One naturally might assume that today’s financial and investment guides would be addressed to both sexes on equal terms. That assumption, though generally correct, has its exceptions. A visit to the local library or the personal finance section of any bookstore will reveal a variety of titles aimed specifically at women. This is mostly savvy marketing, but there may be a grain of truth to the idea that men and women approach money management issues differently.
A recurring theme of these books is that a great many successful, professional women are, almost inexplicably, not doing a very good job with their personal finances. They have some hidden factor that prevents them from taking control of this key element of their lives. It could be fear of the unknown. Others could be rebelling against being stretched too thin, being asked to fulfill too many disparate roles in the home and the workplace. Then there is the phenomenon of letting things get so far out of hand that one is embarrassed to ask for help and reveal just how much one doesn’t know. That can be particularly painful for one who is otherwise successful.
The hardest part of financial planning is getting started. Financial self-help books offers readers (men as well as women) an engaging way to get over that first hurdle. They are only a starting point, not a solution.
According to serious academic research, women do make better investors than men. This empirical observation was made by two finance professors, Brad M. Barber and Terrance Odean, in their article, “Boys Will Be Boys: Gender, Overconfidence, and Common Stock Investments.”
The professors were granted access to the trading records of a large discount brokerage firm. Over a six-year period, they discovered that:
What accounts for the relatively poorer showing of the men? Overconfidence is the most likely culprit, the professors theorize. Overconfidence leads to both excessive trading volume and poor stock selection. A second fact may be fear of regret, which causes investors to hold on to their losers longer than they should. Both sexes were guilty of trading more than necessary, in the professors’ opinion, and both sexes were guilty of being underdiversified.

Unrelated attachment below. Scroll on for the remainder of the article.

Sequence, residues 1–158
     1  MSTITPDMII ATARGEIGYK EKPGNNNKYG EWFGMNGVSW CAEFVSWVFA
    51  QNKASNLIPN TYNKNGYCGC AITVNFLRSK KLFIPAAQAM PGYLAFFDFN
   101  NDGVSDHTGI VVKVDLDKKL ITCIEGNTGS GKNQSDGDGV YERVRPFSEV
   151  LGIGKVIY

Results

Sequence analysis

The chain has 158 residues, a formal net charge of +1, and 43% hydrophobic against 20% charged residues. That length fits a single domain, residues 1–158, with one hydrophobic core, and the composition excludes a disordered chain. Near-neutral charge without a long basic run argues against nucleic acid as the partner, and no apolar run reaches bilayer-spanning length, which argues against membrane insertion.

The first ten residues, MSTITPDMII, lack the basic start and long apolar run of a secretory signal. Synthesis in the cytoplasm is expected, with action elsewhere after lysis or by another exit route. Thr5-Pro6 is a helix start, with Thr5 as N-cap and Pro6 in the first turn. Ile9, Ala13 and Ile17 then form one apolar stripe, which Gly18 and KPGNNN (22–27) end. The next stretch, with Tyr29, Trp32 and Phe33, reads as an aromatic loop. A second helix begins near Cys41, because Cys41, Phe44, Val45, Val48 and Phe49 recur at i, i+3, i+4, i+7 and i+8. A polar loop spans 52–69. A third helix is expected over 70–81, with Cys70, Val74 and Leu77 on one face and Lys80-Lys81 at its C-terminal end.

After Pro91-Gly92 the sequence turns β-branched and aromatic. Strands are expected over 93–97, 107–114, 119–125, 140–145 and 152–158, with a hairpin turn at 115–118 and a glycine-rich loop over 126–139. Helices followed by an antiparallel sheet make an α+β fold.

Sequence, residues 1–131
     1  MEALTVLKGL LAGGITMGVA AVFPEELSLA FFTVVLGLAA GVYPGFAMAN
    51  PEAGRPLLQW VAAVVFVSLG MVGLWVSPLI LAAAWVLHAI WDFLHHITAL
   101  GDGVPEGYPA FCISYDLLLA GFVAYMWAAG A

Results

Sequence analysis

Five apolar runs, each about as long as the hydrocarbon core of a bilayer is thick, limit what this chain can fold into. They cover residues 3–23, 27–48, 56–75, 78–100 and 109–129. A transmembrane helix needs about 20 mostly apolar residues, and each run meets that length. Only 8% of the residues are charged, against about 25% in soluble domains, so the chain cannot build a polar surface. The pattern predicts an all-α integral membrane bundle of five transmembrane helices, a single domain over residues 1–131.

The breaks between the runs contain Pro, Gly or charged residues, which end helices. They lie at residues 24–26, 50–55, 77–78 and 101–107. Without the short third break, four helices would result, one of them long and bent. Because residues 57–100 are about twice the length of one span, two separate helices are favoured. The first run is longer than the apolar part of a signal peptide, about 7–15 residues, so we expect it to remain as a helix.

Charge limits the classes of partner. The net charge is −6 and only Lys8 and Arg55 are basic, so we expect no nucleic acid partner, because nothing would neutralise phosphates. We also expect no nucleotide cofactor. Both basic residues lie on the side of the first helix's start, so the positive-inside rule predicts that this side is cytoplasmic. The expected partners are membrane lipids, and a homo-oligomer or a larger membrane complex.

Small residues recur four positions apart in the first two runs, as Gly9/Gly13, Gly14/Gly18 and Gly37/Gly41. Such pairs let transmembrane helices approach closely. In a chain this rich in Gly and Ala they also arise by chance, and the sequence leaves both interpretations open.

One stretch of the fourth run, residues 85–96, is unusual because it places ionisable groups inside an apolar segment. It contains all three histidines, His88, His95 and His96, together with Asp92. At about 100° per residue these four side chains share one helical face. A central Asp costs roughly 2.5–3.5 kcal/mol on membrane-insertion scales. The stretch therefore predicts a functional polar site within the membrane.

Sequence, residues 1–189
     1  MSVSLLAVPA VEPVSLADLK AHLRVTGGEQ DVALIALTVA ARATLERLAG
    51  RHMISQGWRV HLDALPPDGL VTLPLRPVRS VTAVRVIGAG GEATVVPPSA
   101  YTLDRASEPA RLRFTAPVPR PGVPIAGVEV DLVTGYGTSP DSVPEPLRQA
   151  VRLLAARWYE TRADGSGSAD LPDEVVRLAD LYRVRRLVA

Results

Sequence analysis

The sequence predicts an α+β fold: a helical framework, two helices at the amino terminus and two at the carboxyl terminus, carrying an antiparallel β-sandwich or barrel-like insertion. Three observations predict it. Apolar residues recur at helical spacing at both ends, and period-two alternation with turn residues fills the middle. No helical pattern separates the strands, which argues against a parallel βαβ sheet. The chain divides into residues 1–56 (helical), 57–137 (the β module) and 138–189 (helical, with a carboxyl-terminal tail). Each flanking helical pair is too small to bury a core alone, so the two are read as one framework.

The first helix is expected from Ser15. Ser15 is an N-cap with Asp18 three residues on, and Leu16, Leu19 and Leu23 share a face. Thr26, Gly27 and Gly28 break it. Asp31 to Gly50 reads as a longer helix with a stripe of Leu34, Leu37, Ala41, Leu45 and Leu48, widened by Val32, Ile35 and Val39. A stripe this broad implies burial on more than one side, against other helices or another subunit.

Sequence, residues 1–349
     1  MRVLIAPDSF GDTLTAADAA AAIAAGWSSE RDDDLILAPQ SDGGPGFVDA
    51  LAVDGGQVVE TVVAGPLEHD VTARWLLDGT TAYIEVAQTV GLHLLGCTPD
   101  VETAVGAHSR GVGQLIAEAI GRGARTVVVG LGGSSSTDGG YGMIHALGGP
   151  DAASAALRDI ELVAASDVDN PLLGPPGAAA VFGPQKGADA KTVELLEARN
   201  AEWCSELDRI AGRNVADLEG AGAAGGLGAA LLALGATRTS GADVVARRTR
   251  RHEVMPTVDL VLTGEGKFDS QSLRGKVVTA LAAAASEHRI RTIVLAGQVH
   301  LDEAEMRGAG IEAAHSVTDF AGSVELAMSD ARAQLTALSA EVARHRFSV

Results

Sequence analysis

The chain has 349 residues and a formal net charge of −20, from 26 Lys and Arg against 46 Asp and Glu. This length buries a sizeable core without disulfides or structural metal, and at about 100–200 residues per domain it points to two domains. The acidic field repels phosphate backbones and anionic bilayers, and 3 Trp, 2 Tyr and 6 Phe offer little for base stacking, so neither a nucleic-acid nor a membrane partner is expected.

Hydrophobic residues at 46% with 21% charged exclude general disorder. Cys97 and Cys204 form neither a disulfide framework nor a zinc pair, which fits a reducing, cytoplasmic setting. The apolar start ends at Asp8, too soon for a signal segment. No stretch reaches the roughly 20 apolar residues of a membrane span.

Although the men may have had their deficiencies, there were many more men in the study than women. Among singles, the men outnumber women by three to one, and in the married couples, the men handled the investing by over four to one.
How does one choose a financial or investment advisor? First, find someone who listens. You don’t want to be herded into a prepackaged investment “solution.” You need a plan tailored to your individual resources and requirements.
Experience is important, as are credentials and training. We recommend employing a team approach, as occurs with our trust department. When you turn to an institution such as ours, you have continuous availability and supervision of your account.
The compensation plan is also important. We are compensated on a fee basis for our investment advice and management, based upon the size of the client portfolio in our care. We do not get commissions from trading; we have no hidden sales agendas. Our compensation puts us on the same side as the client; our fees don’t go up unless the client prospers.
If you would like to learn more about our services for affluent women (and men), please make an appointment to meet with one of our officers at your convenience.
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